Nuisance or nutrient? Kudzu shows promise as a dietary supplement
Kudzu, the nuisance vine that has overgrown almost 10 million acres in the southeastern United States, may sprout into a dietary supplement. Scientists in Alabama and Iowa are reporting the first evidence that root extracts from kudzu show promise as a dietary supplement for a high-risk condition — the metabolic syndrome — that affects almost 50 million people in the United States alone. Their study appears in the current issue of ACS' Journal of Agricultural and Food Chemistry.
J. Michael Wyss and colleagues note in the new study that people with metabolic syndrome have obesity, high blood pressure, high blood cholesterol, and problems with their body's ability to use insulin. Those disorders mean a high risk for heart attacks, strokes, and other diseases. Scientists have been seeking natural substances that can treat the metabolic syndrome. The new study evaluated kudzu root extracts, which contain healthful substances called isoflavones. People in China and Japan long have used kudzu supplements as a health food.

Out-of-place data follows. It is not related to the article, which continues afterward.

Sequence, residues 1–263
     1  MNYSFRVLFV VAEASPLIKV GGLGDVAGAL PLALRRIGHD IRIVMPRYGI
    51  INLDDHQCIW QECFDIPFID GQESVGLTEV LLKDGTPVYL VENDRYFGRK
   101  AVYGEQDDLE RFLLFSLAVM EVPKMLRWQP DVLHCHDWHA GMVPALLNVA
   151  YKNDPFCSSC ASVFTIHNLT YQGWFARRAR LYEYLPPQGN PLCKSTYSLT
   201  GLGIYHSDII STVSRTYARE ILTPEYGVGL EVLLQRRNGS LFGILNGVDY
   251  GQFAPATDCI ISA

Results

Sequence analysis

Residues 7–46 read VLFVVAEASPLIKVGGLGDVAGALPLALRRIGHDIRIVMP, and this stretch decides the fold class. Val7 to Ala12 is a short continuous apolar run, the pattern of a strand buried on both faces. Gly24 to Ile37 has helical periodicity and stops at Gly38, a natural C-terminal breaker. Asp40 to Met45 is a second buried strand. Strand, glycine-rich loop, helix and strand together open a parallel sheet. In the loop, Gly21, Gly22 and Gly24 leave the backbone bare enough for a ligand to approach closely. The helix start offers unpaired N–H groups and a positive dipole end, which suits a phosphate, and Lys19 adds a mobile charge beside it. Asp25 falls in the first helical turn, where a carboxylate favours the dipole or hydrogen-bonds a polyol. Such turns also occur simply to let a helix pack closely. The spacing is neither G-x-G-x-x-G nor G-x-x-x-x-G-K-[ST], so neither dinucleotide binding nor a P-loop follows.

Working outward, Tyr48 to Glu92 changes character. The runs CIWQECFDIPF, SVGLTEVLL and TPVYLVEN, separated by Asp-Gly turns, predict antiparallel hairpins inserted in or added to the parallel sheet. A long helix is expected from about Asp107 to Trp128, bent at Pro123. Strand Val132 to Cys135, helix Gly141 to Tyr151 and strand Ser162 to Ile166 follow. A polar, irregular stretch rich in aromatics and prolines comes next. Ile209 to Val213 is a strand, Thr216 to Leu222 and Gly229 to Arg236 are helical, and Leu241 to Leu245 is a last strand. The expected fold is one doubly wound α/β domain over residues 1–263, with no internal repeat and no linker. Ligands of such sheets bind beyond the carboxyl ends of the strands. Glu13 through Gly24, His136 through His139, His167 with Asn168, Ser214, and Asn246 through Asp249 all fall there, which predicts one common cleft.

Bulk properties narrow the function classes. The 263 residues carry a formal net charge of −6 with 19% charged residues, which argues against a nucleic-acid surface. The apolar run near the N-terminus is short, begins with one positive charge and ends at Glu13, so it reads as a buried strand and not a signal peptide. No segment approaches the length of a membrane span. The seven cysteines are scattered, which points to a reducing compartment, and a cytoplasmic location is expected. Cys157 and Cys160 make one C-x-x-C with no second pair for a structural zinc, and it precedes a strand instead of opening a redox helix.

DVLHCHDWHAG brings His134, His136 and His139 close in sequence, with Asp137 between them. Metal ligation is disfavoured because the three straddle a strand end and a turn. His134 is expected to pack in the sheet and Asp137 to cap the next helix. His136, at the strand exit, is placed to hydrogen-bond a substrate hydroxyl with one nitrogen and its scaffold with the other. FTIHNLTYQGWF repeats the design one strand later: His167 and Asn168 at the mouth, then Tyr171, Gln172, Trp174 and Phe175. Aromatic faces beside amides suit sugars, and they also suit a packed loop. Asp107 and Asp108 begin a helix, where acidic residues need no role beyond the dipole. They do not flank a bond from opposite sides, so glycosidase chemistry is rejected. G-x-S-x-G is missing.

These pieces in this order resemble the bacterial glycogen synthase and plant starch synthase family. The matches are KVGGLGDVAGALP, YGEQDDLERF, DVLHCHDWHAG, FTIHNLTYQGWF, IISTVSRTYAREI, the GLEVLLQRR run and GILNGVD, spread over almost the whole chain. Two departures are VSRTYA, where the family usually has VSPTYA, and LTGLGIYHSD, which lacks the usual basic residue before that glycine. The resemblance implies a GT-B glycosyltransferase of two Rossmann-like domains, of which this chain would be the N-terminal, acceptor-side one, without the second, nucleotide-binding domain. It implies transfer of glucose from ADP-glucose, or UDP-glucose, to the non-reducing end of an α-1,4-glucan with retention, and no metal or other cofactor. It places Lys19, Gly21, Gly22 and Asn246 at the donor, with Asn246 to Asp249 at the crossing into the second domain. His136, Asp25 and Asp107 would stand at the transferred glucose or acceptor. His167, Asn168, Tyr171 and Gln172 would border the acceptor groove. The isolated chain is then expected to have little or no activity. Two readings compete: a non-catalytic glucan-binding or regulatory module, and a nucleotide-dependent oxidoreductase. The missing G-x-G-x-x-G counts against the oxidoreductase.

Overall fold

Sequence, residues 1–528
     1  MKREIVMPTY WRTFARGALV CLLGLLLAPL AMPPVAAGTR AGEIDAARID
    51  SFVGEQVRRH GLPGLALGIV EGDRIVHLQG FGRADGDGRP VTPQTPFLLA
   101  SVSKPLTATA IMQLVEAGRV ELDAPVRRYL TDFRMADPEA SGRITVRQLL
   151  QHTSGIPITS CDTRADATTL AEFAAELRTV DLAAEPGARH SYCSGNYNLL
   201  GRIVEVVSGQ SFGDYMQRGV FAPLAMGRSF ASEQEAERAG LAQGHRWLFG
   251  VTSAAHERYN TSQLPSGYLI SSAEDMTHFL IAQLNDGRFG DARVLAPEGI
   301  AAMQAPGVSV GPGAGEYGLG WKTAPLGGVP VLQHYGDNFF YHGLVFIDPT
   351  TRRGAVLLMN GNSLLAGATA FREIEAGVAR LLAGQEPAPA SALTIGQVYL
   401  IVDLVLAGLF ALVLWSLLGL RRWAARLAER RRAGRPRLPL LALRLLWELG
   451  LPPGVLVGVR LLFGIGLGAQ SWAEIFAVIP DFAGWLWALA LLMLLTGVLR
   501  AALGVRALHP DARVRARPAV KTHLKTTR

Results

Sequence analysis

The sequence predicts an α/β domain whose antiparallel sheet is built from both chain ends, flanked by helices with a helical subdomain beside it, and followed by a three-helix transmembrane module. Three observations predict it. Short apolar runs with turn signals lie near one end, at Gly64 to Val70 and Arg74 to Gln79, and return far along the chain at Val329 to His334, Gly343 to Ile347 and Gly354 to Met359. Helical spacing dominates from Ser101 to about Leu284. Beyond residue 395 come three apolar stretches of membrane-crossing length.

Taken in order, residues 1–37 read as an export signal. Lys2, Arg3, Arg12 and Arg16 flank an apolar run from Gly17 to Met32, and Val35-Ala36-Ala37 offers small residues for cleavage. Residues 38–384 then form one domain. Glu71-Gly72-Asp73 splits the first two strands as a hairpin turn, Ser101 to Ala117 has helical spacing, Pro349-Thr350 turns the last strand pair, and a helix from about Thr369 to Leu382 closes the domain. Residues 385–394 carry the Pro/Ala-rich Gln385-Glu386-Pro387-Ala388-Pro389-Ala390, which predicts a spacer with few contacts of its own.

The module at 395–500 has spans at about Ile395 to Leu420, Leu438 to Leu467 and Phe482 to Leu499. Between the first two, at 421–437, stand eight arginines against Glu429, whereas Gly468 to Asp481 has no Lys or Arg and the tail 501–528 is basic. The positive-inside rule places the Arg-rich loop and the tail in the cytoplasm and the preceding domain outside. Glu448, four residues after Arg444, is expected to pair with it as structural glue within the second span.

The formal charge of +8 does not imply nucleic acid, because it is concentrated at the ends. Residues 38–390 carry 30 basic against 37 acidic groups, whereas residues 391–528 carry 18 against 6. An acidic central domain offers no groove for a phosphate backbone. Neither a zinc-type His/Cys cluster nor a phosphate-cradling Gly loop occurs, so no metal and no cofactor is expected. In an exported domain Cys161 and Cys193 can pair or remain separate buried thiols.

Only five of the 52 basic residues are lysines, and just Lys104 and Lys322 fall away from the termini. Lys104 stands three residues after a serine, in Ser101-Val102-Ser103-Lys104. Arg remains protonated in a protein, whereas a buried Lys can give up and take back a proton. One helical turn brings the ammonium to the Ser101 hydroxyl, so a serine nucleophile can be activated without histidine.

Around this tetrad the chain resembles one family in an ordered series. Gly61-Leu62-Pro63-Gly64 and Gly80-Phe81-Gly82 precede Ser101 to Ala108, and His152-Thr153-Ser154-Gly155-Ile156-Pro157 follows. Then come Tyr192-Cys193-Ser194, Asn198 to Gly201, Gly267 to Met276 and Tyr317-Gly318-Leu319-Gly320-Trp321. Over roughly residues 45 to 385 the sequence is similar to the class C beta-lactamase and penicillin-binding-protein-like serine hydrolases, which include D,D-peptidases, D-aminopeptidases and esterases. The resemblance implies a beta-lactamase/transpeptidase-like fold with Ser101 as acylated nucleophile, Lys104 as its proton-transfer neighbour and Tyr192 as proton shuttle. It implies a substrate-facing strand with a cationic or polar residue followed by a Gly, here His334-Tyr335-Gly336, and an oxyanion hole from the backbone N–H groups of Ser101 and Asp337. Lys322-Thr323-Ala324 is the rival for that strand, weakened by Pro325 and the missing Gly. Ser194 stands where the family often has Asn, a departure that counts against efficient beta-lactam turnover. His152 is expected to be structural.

The study found that a kudzu root extract had beneficial effects lab rats used as a model for research on the metabolic syndrome. After two months of taking the extract, the rats had lower cholesterol, blood pressure, blood sugar, and insulin levels that a control group not given the extract. Kudzu root "may provide a dietary supplement that significantly decreases the risk and severity of stroke and cardiovascular disease in at-risk individuals," the article notes.
More information: "Chronic Dietary Kudzu Isoflavones Improve Components of Metabolic Syndrome in Stroke-Prone Spontaneously Hypertensive Rats," Journal of Agricultural and Food Chemistry